• 21.         21     Center for Food Safety Fall 2010 Vol. 1, No. 4 Vol. 1, No. 1 an d the Pro fess ion al Protection from Farm to Fork - Arkansas Association for Food Protection, Tyson Food Headquarters, Springdale, AR, Sept. 28-29. Clement, A., I. B. Hanning, E.E. Scott, S. J. Pendleton, S.H. Park, C.A. O’Bryan, C.N. Owens, P.G. Crandall, and S.C. Ricke, 2010. Plum marinade effects on chicken breast meat are comparable to alkaline phosphate marinade. Arkansas Association for Food Protection, Tyson Food Headquarters, Springdale, AR, Sept. 28-29. Clement, A., I.B. Hanning, S. H. Park, S.N. Melendez, S. J. Pendleton, E.E. Scott, A. N. Woo-ming, G. Almeida, and S.C. Ricke, 2010. Year long assessment of whole carcass chickens exposed to different processing treatments and rearing conditions reveal differences in microbiological quality. Enhancing Food Protection from Farm to Fork - Arkansas Association for Food Protection, Tyson Food Headquarters, Springdale, AR, Sept. 28-29. Crandall, P.G., C.A. O’Bryan, C. Compadre, S.C. Ricke, and N.M. Parrish. 2010. Response of Mycobacterium tuberculosis strains to all natural antimicrobials. Arkansas Biosciences Institute Fall Research Symposium, Little Rock, AR, Sept. 28-29. Ricke, S.C. Food Safety Consortium – Current Perspectives” University of Arkansas Agriculture Division- Food Safety Consortium Grant Project Report to U.S. Senate Staffer, Food Science Dept., University of Arkansas, Fayetteville, AR, Aug. 9, 2010. Ricke, S.C. “Current Perspectives on Foodborne Pathogen Salmonella” Enhancing Food Protection from Farm to Fork, Arkansas Association for Food Protection, Tyson Food Headquarters, Springdale, AR, Sept. 28, 2010. Ricke, S.C. “Arkansas Association for Food Protection Annual Educational Conference and Meeting” S1033 Annual Meeting, Multistate Food Safety Regional Project, Estes Park, CO, Oct. 7, 2010. Ricke, S.C. “Food Safety Research at the University of Arkansas” S1033 Annual Meeting, Multistate Food Safety Regional Project, Estes Park, CO, Oct. 7, 2010. Ricke, S.C. “UA Center for Food Safety Role and Vision for NW Arkansas” Walmart Food Safety Core Group, Food Science Dept., University of Arkansas, Fayetteville, AR, Oct. 12, 2010. Hettiarachchy, N.S.. 2010. Product Quality and Food Safety Management, APO Training Course The Management of Micro- and Small-scale Agro-food Processing Enterprises. Invited presentation. July 26-31, 2010, Malaysia. Over, Ken, Navam S. Hettiarachchy, Jean-Francois Muellenet, James S. Dickson, Michael J. Holtzbauer, Stephen E. Niebuhr, Brad Davis. Quality preservation of vacuum-infused,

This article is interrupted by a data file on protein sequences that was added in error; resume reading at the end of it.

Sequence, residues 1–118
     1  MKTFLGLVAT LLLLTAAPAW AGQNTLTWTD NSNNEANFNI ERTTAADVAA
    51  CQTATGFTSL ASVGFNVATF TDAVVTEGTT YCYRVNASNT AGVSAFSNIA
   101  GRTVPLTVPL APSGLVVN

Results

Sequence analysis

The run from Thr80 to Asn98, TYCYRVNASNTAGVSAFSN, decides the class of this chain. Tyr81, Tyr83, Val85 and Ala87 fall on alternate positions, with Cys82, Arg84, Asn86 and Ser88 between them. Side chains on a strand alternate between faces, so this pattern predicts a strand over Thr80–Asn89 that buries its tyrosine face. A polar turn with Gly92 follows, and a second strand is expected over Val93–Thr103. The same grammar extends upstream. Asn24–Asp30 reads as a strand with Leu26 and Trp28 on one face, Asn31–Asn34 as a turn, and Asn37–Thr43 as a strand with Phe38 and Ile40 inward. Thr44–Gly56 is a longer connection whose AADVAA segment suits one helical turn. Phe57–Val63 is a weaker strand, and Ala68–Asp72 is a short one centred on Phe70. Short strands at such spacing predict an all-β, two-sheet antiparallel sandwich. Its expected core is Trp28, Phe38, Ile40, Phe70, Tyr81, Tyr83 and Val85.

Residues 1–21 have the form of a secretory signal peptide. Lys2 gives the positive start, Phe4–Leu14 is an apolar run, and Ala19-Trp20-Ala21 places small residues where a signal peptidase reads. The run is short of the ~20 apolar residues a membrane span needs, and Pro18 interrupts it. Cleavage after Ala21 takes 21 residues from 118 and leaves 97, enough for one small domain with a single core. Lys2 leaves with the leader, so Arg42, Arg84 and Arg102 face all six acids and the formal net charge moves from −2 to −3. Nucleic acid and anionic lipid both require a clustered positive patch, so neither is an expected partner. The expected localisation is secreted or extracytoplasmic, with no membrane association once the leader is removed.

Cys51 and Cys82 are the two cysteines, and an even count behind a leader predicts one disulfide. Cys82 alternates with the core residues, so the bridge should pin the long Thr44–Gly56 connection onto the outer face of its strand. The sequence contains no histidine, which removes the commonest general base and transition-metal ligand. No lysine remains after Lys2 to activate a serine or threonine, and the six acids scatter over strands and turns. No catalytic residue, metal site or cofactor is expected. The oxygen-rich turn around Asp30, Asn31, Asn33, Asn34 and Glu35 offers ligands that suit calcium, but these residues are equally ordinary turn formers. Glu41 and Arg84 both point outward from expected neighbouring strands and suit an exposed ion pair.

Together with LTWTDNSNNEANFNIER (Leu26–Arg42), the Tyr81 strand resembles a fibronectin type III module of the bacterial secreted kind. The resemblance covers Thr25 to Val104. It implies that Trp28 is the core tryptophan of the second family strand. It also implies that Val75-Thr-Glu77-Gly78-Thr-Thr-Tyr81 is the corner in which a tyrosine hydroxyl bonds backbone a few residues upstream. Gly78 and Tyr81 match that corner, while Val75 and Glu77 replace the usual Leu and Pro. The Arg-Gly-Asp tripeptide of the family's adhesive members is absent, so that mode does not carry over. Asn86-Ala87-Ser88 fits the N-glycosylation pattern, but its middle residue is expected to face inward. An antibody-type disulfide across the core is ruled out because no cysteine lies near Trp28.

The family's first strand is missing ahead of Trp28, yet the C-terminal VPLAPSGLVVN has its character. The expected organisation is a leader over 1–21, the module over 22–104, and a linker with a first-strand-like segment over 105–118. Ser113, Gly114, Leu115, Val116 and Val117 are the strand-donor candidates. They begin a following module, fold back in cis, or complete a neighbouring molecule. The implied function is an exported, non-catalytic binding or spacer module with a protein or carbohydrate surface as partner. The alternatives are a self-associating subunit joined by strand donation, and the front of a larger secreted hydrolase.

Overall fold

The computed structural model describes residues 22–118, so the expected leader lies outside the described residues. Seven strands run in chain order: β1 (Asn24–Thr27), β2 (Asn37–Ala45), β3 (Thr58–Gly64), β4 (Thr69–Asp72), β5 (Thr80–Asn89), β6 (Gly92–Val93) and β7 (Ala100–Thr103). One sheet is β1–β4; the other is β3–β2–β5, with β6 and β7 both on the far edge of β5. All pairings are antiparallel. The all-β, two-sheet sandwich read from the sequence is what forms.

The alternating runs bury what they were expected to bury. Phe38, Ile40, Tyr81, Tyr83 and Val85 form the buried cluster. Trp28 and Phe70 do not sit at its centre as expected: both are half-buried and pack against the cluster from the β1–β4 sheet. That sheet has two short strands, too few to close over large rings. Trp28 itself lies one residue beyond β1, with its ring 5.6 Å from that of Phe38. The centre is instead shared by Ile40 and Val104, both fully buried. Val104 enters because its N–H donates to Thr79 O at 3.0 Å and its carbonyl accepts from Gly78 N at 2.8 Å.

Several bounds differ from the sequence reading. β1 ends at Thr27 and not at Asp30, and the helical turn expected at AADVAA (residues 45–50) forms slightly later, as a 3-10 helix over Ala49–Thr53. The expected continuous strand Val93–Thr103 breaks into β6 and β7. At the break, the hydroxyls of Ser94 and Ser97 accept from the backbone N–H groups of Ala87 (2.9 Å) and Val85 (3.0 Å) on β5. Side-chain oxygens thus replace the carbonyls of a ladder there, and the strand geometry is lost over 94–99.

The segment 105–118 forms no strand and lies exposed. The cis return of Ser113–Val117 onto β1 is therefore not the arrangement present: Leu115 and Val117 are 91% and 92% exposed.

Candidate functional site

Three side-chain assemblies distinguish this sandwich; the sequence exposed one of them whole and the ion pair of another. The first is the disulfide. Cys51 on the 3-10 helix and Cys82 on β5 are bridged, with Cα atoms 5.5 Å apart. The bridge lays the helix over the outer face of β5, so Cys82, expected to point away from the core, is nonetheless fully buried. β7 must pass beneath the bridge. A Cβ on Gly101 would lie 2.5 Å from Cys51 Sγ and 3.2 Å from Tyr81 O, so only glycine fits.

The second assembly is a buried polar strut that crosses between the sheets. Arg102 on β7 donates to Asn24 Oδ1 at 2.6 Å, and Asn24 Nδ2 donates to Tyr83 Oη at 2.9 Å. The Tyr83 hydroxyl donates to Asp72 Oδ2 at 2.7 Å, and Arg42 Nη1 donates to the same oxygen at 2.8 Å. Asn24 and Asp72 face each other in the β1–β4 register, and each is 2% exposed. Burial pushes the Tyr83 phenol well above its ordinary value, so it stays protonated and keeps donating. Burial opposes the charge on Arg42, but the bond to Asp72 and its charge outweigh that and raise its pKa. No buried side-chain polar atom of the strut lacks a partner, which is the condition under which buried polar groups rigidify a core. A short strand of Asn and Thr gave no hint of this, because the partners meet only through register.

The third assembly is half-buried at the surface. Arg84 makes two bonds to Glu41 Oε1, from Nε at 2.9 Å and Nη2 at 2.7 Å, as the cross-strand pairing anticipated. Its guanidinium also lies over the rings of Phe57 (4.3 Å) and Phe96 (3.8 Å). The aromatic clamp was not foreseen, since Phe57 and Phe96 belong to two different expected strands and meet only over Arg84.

• 22.         22     Center for Food Safety Fall 2010 Vol. 1, No. 4 Vol. 1, No. 1 an d the Pro fess ion al irradiated chicken breast meat treated with natural plant extracts and tartaric acids. Poster presentation. IFT Annual Meeting and Food Expo, July 17-20, 2010, Chicago. Perumalla, A.V.S., N. S. Hettiarachchy, M. Slavik, G.S. Kumar. Grape seed extract and Malic acid can effectively inhibit the growth of Campylobacter jejuni in broth culture. Poster presentation. IAFP 2010 Annual Meeting, August 1-4, Anaheim, Calif.